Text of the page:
Many years ago NASCAR racing caused some of the hottest performing V8s to be dropped into muscle cars while also fueling the release of the most aerodynamic automotive shapes of the original muscle car era. The 1969 Dodge Charger Daytona, 1970 Plymouth Superbird, and 1969 Ford Torino Talladega are the most famous examples of these shapes. NASCAR was also responsible for the production of some of the most sleek and aerodynamic American performance cars of the 1980s. Without NASCAR insisting that its drivers use race cars that had factory stock exterior body styling, we would have never seen the likes of the 1983-1988 Chevrolet Monte Carlo SS and 1983-1988 Ford Thunderbird – both of which were styled for the purpose of winning on the NASCAR racing circuit.
The 2-door rear-wheel drive GM G-body platform served as the basis for most of GM’s NASCAR offerings during the 1980s. The 1980s 2-door G-body was the grandchild of GM’s 2-door A-body platform which many of GM’s legendary 1960s and early-1970s muscle cars (the Buick GS, Chevrolet Chevelle SS, Oldsmobile 442, and Pontiac GTO) used. By 1982 the 2-door rear-wheel drive A-body was gone, and the 2-door rear-wheel drive G-body was its official replacement. By the 1980s muscle cars were seeing a big resurgence and the 2-door GM G-body was just the platform to fuel this comeback. Since the G-body was rear-wheel drive and could accommodate a V8 engine it was a marriage made in Heaven. Buick with its G-body based Regal T-Type and Grand National deviated from this formula by using a turbo 3.8 liter V6. The G-body based Chevrolet Monte Carlo SS went with a high output 5.0 liter (305 CID) V8. Oldsmobile started out with the 1983-1984 Hurst/Olds which was replaced by the 1985-1987 Oldsmobile 442 – all of these were powered by Oldsmobile’s 170-180 horsepower high output 5.0 liter (307 CID) V8. It was like the height of the original muscle car era all over again inside the walls of GM with Buick, Chevrolet, and Oldsmobile duking it out for G-body performance supremacy.
Unfortunately Pontiac which had officially started the original muscle car era with the 1964 GTO didn’t have a performance 2-door G-body to do battle with its GM cousins. Pontiac’s G-body Grand Prix may have been sporty along with luxurious depending on how equipped, yet it didn’t have a performance motor. It is unknown why Pontiac which during the 1980s had the Trans Am as its flagship performance car and offered performance versions of its 2-seat Fiero chose to ignore the Grand Prix. The Grand Prix came standard with Buick’s underpowered 2-bbl 3.8 liter V6 and optional with Chevrolet’s LG4 4-bbl 5.0 liter (305 CID) V8. Fortunately the Oldsmobile 5.7 liter diesel V8 option was eliminated by the 1986 model year as a Grand Prix engine option.
Fast forward to 1986, the Monte Carlo SS was mandatory with Chevrolet’s 180 horsepower L69 4-bbl 5.0 liter H.O. (305 CID) V8. Worthy of note, the same engine in the 1986 Camaro Z28/Iroc-Z and Trans Am produced 190 horsepower. Since Pontiac was using Chevrolet’s LG4 5.0 liter V8 as an engine option on the 1986 Grand Prix, it would have seemed logical that Pontiac should have been able to have access to the more powerful L69 for its Grand Prix. Unfortunately that was not the case. Pontiac had its last produced in-house V8, the 4.9 liter (301 CID) V8 forced out of production at the end of the 1981 model year. GM’s corporate motors policy began in 1982 where each division would produce motors for GM’s different divisions. It seemed like a great idea to save money, unfortunately it left Pontiac begging Chevrolet for performance motors. GM had tasked Pontiac with producing the Iron Duke 2.5 liter 4-cylinder for many different GM cars. Pontiac didn’t produce a V6 or a V8, so it had to get them from other divisions. Buick which was tasked with producing the 3.8 liter V6 for the different GM divisions also didn’t have an in-house V8, so they went the turbo route with their 3.8 liter V6 for its performance-oriented cars. By 1986 Buick’s flagship performance car was the Grand National equipped with a turbo SFI 3.8 liter V6 which had an advertised horsepower rating of 235 but really produced around 300 horsepower. Oldsmobile for its performance flagship, the 1986 442, used its in-house 180 horsepower 4-bbl 5.0 liter (307 CID) High Output V8. So you can easily see how a 150 horsepower LG4 5.0 liter V8 powered 1986 Grand Prix was seriously lacking in performance by comparison.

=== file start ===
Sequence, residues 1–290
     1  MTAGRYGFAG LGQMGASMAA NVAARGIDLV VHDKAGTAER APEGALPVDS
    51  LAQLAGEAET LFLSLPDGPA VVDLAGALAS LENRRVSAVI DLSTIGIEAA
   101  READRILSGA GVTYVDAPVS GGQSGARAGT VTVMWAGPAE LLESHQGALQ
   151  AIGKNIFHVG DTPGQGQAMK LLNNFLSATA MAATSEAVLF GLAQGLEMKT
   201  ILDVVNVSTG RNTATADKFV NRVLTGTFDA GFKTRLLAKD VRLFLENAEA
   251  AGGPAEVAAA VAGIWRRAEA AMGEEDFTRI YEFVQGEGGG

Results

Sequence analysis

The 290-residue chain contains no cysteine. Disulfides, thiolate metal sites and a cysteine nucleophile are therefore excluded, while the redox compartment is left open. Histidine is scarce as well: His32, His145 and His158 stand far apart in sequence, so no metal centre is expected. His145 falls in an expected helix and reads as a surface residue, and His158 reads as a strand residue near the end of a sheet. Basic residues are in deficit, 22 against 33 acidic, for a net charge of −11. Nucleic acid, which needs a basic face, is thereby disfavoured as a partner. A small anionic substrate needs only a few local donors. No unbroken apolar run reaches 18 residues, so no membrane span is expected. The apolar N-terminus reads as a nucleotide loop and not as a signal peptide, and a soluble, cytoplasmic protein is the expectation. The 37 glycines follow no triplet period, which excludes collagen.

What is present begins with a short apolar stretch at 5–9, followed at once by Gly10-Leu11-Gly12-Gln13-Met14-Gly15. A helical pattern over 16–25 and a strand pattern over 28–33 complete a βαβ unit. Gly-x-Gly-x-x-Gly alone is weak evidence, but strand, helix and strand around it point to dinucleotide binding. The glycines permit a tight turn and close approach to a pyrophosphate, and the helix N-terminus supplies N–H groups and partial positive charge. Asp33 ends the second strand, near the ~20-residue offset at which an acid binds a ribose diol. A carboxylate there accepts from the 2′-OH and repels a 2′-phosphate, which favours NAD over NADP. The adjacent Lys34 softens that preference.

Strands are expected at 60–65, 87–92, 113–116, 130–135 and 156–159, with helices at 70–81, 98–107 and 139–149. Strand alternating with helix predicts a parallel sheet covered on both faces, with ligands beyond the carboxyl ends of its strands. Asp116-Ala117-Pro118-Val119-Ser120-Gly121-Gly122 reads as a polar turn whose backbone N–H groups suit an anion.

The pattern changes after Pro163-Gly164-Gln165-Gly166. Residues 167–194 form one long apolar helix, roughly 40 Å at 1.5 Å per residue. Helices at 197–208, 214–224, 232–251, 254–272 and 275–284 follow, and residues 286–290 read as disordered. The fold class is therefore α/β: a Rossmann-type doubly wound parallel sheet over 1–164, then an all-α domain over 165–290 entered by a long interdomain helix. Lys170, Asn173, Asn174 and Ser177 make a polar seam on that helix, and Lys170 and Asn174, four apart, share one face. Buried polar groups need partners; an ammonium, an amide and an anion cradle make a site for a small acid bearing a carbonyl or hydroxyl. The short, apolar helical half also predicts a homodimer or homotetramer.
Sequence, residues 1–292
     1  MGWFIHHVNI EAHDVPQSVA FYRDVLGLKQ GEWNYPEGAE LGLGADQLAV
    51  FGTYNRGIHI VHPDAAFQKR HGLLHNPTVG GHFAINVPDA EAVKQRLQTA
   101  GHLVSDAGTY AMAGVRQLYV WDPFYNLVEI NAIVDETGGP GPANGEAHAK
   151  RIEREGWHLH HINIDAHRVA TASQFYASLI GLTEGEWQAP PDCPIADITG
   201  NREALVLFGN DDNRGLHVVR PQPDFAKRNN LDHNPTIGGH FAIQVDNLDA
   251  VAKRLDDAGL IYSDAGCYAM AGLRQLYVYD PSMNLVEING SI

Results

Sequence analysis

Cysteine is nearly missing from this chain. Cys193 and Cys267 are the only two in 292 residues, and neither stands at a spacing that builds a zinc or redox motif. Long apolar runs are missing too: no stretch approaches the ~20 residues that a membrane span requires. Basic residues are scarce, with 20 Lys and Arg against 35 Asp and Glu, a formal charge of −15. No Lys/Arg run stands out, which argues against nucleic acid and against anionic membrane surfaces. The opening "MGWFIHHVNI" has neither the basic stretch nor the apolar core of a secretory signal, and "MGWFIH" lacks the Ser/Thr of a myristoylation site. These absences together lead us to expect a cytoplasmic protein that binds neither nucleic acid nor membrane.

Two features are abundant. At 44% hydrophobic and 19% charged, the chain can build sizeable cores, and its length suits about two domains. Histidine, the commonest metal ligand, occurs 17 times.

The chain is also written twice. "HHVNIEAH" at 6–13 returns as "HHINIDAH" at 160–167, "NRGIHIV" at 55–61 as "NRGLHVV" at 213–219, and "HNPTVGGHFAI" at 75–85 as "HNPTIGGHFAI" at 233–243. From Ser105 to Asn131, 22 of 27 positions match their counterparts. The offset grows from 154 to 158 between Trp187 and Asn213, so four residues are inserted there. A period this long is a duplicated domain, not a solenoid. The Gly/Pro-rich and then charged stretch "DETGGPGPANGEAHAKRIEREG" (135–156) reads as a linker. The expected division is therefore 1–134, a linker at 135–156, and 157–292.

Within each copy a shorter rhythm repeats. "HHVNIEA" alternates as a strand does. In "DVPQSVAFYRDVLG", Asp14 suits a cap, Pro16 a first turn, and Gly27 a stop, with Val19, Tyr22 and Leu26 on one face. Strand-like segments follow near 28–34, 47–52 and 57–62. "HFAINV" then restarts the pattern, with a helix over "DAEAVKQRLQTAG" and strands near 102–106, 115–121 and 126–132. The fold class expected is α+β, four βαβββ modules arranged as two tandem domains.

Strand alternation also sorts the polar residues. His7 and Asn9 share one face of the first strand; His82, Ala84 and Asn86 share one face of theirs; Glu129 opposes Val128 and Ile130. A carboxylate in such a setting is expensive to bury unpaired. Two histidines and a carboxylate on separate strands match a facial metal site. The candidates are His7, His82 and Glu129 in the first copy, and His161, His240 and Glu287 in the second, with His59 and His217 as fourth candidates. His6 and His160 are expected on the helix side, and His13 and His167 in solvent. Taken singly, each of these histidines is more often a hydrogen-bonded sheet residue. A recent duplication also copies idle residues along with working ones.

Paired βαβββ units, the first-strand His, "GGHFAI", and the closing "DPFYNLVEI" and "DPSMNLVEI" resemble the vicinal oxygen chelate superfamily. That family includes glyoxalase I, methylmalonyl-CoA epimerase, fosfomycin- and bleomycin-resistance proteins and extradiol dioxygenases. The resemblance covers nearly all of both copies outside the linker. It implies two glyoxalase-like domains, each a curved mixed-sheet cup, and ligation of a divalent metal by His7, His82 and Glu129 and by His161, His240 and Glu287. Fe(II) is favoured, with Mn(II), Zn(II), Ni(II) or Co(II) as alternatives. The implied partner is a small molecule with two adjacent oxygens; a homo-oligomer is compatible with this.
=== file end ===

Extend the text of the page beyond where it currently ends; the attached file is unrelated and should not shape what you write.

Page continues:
Pontiac decided to give a limited edition version of its 1986 Grand Prix a new aerodynamic front-end facelift, a black lower front air dam, add a really large curved fastback bubble behind the rear seats, and slap on a decent sized decklid spoiler. The net affect was a drag coefficient reduction from .45 down to .36 which brought its overall aerodynamics fairly close to Pontiac’s 1986 Firebird. These same aerodynamic improvements would be used with much success on the NASCAR Grand Prix race cars. Ironically Richard Petty who made history with piloting the ultra-aerodynamic 1970 Plymouth Superbird would also drive a very sleek 1986 Pontiac Grand Prix with all the aerodynamic advancements listed above on the NASCAR circuit. The production version of this aero Grand Prix would be called the Pontiac 2+2. The “2+2” name was a revival of Pontiac’s full-size 2-door performance car from the 1960s.
The 1986 Pontiac 2+2 looked the part, it made the aging Grand Prix styling look fresh and up-to-date. The downside was only 1,225 were produced so it wasn’t easy to get one. Even today they are hard to find. Additionally if you didn’t like the silver exterior color (lower part of the car was painted gray) you were out of luck. All 2+2 coupes had an attractive two-tone red lower stripe that separated the silver from gray color color schemes. All the Grand Prix’s flashy chrome had been replaced with black trim except for a little chrome around the front and rear black bumper strips. Even the Grand Prix’s hood ornament was gone and replaced with a Pontiac arrow decal between the two upper front grilles. The 2+2 also had twin black bumperettes in the front and back. Aesthetically the 2+2 coupe was everything Pontiac muscle car fans wanted. When it came to functionality, that was a different story. Due to the large glass bubble fastback the trunk was almost unusable. The Grand Prix’s large trunk didn’t shrink in size, the problem was the truck lid shrunk to such a small size. It was just big enough to slide the spare tire in and out with some fancy maneuvering. It was a small price to pay for owning a slick NASCAR inspired street car.